Wounds and Ironies
IMPERIAL ROME lasted nearly 500 years. The British Empire flourished for more than a hundred. In 1947 Harry Truman urged that "the whole world should adopt the American system." His country spent something like a trillion dollars one way or another to encourage just that. But the American century, so boldly sought, lasted only a decade and a half. That period, moreover, will go down in history not as a triumph but as the time of a thoroughly ambiguous enterprise known as the cold war.
Revisionist gunslingers have already riddled the old folk heroes of that war, especially Harry Truman himself. Their extreme view—that the U.S. deliberately started the cold war and the arms race mainly for economic reasons—is neither accurate nor widely shared.
The exact effects of American strategy overseas may never be completely known. World War III—which 74% of Americans once believed would inevitably occur within a decade after 1947—has not occurred. But who can say for sure if that was the result of courageous U.S. policy, Russian prudence or sheer chance? What the cold war did to the U.S. can be more easily measured, especially since the partisanship that once labeled as un-American any evenhanded inquiry into the subject has now faded.
Author Carl Solberg, a former associate editor of TIME and a teacher of history and journalism at Columbia, has written the first concise history of the U.S. roughly from 1947 to 1967. He deals to some extent with the textures of everyday living—the rush to the suburbs and the rise of the barbecue pit, James Dean fan clubs and bomb shelters. But his main aim is to describe the enormous effect of the cold war on American life.
Solberg could be described as a post-revisionist. He well recalls the sigh of relief when American soldiers came home in 1945. The U.S. had, he contends, two deep-seated fears: another Great Depression and another sneak attack like Pearl Harbor. Then came the shocking news that "Uncle Joe" Stalin's Russia was a lot more like Adolf Hitler's Germany than it ought to have been. Sound and statesmanlike steps were taken, among them the Marshall Plan. So were some domestically dangerous ripostes to Russian provocations, like the 1948 passage of a peacetime draft. Thereafter, fear, a weakness for overstatement and the twists of history took over.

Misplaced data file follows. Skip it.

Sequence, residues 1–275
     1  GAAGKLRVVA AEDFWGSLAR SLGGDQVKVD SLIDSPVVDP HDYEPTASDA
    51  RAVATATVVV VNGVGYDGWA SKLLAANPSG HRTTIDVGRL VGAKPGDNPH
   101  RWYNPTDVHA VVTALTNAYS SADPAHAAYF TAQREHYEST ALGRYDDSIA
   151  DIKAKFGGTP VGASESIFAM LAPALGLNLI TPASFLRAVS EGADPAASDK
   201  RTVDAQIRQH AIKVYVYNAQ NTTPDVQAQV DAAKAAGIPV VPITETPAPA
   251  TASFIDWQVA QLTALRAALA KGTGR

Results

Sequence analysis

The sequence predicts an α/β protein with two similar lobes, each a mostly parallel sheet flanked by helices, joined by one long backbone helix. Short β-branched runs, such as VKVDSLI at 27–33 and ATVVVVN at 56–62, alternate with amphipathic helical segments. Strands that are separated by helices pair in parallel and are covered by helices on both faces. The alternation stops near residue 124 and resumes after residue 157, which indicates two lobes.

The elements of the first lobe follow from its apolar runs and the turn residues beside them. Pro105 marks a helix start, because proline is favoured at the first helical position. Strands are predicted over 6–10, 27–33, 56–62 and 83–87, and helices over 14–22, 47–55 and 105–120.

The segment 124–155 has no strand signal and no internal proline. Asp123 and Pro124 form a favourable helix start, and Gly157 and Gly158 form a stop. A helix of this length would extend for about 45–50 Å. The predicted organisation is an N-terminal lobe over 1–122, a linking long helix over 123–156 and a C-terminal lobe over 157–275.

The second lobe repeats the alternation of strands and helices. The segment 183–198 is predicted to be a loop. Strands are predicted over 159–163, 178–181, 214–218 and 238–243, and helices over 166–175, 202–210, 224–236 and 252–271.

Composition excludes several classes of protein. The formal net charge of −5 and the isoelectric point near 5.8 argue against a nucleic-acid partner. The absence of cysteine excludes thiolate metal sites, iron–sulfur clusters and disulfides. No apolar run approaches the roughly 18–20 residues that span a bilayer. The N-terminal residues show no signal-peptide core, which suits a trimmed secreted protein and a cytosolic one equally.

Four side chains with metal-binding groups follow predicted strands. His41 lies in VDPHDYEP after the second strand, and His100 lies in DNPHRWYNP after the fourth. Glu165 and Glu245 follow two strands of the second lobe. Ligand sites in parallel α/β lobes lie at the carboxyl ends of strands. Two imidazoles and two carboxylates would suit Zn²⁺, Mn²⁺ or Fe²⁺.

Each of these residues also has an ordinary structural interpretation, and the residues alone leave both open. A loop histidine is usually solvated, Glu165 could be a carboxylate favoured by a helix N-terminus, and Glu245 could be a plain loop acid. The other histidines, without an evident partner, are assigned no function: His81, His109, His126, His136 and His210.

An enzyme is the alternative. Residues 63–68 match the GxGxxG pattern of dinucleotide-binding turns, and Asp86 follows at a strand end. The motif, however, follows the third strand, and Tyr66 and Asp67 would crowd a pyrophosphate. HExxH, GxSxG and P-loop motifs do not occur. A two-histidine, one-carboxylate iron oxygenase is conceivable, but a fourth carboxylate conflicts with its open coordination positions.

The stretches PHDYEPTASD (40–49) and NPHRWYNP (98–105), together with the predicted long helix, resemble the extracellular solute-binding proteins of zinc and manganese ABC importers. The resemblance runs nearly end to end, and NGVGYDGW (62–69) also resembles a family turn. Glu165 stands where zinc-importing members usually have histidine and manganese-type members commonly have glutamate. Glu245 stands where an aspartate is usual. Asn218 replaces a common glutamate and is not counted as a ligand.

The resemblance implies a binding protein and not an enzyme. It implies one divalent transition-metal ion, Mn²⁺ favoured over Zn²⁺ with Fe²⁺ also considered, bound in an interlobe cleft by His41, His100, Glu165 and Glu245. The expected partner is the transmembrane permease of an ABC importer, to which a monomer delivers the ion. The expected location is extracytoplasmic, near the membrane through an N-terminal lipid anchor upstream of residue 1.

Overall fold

Loyalty Checkups. What interests Solberg most are the interlocked ironies of cause and unexpected effect, so maddening for a people encouraged to believe that brave acts and sensible policies guarantee happy endings. As everyone is now aware, all those freestanding, suburban one-family houses (an American dream come true) were livable only if the owners had cars, and so helped bring on nightmarish traffic jams, the decay of the cities and the decline of public transport. Solberg also considers such a thing as the G.I. Bill a marvelous benefit to youth and society.
It helped establish a new precedent: the belief that everyone should (and could) go to college, an idea that resulted in the creation of a continuing class of students, semidetached from their society and their parents. Twenty years later, under different circumstances, that group was heard from at Berkeley, Kent State and Columbia.
Double ironies set in when the U.S. did what seemed to be the right thing for wrong reasons. In the late '50s, for the first time in history, long-needed federal aid to education began—but only to create scientists in the wake of the Sputnik scare. The byproduct was the multiversity, which slighted teaching in favor of research and Government contracts and produced campuses with budgets largely dependent upon Washington. Under Truman, fear of Russian spying led to hot loyalty checkups and eventually to the extremes of McCarthyism. To protect the threatened rights of his Government people, Eisenhower then invoked Executive privilege, but set a precedent that years later the U.S. has had acute reason to regret.
Solberg has to move fast to cover so much ground. Some of his material has been so much publicized already that a new popular synthesis seems unnecessary—especially, for example, a discussion of the cause and course of the civil rights movement. Yet his thumbnail re-etching of the rise of that old dragon, "the military-industrial complex," and how Eisenhower named it, then tried and failed to control it, manages to be fresh and fearful. Solberg is best at recreating the absurdities of U.S. public discourse. The late A.J. Liebling, who so mercilessly documented foot-in-mouth disease in his Wayward Press columns, could not have improved on Solberg's recollection of the reactions to Sputnik. They began with the Chief of Naval Research's description of the Soviets' first earth-orbiting device as just "a hunk of iron anybody could launch" and ended in almost psychotic national gloom.
Solberg probes the rise of crusading rhetoric, the appeal to public fear, the distortion of facts and the equation of dissent with treason that evolved from the need to encourage a tired and lately isolationist people toward new global responsibilities. Whence, at last, not only the credibility gaps of Lyndon Johnson and Richard Nixon but a persistent reluctance to see that the international anti-Christian Communist monolith was perhaps becoming less monolithic.
The evidence was there, says Solberg, as early as Tito's 1948 defection. It be came conclusive in 1963 after Nikita Khrushchev was faced down over Cuba, refused to give atomic weapons to China and was attacked bitterly by Mao.
Yet for more than a decade, American rhetoric still insisted on concerted international conspiracy, and the invocation of imminent danger to the national security was freely used to justify all manner of expensive ventures and duplicities.